The Dane’s View:
In Hans Christian Andersen’s fairy-tale ‘The Ugly Duckling’, a swan’s egg landed in a duck’s nest. When the eggs hatched, it was clear there was a peculiar specimen in the nest. As in real life, it was bullied because it was different.
Eventually it developed into a beautiful swan, leaving us with the moral that no matter where you are born, you may become a beautiful swan if you have it in you.
More a handsome dandy
Henrik was, however, no ugly duckling. He came as a handsome, well-educated French aristocrat and our future queen was so in love with him that everybody could see it. After all, she also has French blood in her by the way of Napoleon’s marshal Bernadotte, who became king of Sweden. It was seemingly perfect, but because of the manner he presented himself, he got his share of Danish bullying.
Why was that? He was a poet with an elegant command of the French language. He was a talented sculptor. He improved the wines of Cahors so people started buying them. He wrote cookery books on many topics other than goose liver. He was a gifted musician and played piano concertos with the royal chaplain and his father-in-law as conductor. He planted the garden with vegetables from the French and Nordic kitchens, and it is there somewhere that a portion of his ashes will be interred.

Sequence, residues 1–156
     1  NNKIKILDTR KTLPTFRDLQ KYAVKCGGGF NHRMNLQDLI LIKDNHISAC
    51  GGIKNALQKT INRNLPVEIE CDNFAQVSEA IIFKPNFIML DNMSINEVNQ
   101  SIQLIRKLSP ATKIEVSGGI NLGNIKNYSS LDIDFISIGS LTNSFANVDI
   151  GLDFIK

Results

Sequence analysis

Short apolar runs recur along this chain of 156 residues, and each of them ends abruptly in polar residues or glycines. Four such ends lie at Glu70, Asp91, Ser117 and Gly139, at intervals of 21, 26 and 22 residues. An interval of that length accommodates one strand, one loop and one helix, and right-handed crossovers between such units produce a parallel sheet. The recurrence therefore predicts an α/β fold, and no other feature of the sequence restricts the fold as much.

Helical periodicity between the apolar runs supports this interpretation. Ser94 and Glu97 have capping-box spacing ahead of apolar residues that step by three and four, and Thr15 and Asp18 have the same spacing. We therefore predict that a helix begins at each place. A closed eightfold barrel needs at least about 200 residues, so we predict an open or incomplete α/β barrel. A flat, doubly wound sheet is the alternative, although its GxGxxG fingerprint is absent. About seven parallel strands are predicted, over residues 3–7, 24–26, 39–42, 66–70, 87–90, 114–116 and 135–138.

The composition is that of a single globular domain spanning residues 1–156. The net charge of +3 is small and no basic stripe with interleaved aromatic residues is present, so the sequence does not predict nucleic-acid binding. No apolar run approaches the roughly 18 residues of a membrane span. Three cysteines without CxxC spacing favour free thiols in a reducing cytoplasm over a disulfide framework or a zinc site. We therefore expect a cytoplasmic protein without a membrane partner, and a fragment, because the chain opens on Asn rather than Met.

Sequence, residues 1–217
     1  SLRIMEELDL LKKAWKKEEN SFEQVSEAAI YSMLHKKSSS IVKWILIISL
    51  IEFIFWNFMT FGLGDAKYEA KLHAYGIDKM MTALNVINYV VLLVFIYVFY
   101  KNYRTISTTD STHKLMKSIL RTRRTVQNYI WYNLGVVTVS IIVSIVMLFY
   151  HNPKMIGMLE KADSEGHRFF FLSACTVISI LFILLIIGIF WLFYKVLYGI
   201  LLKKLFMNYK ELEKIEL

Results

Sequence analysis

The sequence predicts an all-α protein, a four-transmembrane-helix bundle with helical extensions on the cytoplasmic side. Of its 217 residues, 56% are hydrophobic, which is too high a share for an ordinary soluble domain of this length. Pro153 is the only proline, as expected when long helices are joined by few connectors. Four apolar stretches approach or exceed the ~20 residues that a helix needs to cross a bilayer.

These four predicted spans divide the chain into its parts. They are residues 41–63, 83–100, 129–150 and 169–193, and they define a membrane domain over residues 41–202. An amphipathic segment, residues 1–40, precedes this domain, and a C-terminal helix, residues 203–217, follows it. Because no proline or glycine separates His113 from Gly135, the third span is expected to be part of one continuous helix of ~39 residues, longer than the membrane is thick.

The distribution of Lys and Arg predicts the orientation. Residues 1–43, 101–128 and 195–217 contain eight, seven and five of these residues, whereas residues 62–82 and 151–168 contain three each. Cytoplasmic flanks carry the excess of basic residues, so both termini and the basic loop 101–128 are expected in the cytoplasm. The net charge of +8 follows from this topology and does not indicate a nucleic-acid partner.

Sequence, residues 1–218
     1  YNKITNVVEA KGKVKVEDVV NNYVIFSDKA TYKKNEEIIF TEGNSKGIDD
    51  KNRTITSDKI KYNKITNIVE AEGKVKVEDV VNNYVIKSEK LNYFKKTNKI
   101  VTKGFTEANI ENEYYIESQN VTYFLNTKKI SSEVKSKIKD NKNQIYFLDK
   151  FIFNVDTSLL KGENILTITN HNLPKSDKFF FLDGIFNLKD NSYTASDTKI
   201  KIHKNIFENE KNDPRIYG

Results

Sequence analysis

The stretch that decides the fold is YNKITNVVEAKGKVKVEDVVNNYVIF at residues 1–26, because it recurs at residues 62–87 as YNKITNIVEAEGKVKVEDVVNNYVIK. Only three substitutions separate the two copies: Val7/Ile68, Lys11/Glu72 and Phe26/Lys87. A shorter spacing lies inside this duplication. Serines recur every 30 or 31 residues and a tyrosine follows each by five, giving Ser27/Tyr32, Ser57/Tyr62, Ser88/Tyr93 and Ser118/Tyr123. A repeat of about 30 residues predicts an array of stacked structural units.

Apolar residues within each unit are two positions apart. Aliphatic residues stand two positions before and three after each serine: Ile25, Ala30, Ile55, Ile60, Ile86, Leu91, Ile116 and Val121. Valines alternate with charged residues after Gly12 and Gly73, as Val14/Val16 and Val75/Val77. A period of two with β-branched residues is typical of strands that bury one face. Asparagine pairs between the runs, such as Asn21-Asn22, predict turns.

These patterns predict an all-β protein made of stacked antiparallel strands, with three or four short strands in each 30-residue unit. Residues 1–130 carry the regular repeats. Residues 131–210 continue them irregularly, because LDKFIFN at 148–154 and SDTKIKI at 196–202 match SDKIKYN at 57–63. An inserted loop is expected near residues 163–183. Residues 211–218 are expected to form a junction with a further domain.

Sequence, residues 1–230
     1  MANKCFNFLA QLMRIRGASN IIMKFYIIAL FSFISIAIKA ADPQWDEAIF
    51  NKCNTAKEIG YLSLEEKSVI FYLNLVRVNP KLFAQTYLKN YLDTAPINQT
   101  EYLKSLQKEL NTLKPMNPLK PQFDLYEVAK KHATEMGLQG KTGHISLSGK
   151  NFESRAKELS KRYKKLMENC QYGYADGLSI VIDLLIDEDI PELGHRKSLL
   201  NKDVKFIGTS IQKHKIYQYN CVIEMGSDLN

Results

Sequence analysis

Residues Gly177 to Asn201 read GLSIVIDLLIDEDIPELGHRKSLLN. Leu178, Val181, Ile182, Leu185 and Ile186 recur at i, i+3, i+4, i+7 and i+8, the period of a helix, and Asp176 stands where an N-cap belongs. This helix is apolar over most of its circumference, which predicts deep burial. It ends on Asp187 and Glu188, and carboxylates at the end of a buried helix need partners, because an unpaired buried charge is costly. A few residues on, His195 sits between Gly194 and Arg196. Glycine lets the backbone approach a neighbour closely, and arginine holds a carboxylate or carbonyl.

Own man to the end
Henrik travelled the world and with his command of six languages was a high-profile ambassador for Denmark. He acted as protector for more than 50 organisations and, by all accounts, was a good one.
On top of that he fathered two intelligent and good looking sons, which is a gift to any monarchy. Aside from a Gallic twang, his Danish was perfect, and vocabulary-wise he spoke better than most Danes.
Henrik followed his convictions in the tradition-bound world that he married into. His Gallic pride would not allow him to play second fiddle in the entourage or chain of command.
In the way of his departure Henrik had the final word. He would not be laid to rest in a sarcophagus but cremated and his ashes spread at sea and interred in the garden.
Honi soit qui mal y pense. (ES)
The Expat’s View:
As any expat who has lost a parent whilst living in a foreign country knows, it must have been a difficult flight home for Prince Frederik from the Winter Olympics in PyeongChang to the bedside of his dying father, Prince Henrik.
Following your instinct that this could be your final chance to say goodbye – and also the opinions of those you trust – it is just as much a journey into your past and the recesses of your mind as over land and ocean.
It will have provided Frederik an insight into what it must have been like for his father when he left his native France for Denmark – an experience most members of the international community can also easily relate to.
The perils of ruining the hygge, the difficulty of speaking the language and the pitfalls of breaking the Jantelov – we’ve all been there, treading in the footsteps of the French count who married the Danish queen to become her consort.
And now he’s left us ‘alone with the Danes’ at the age of 83. (BH)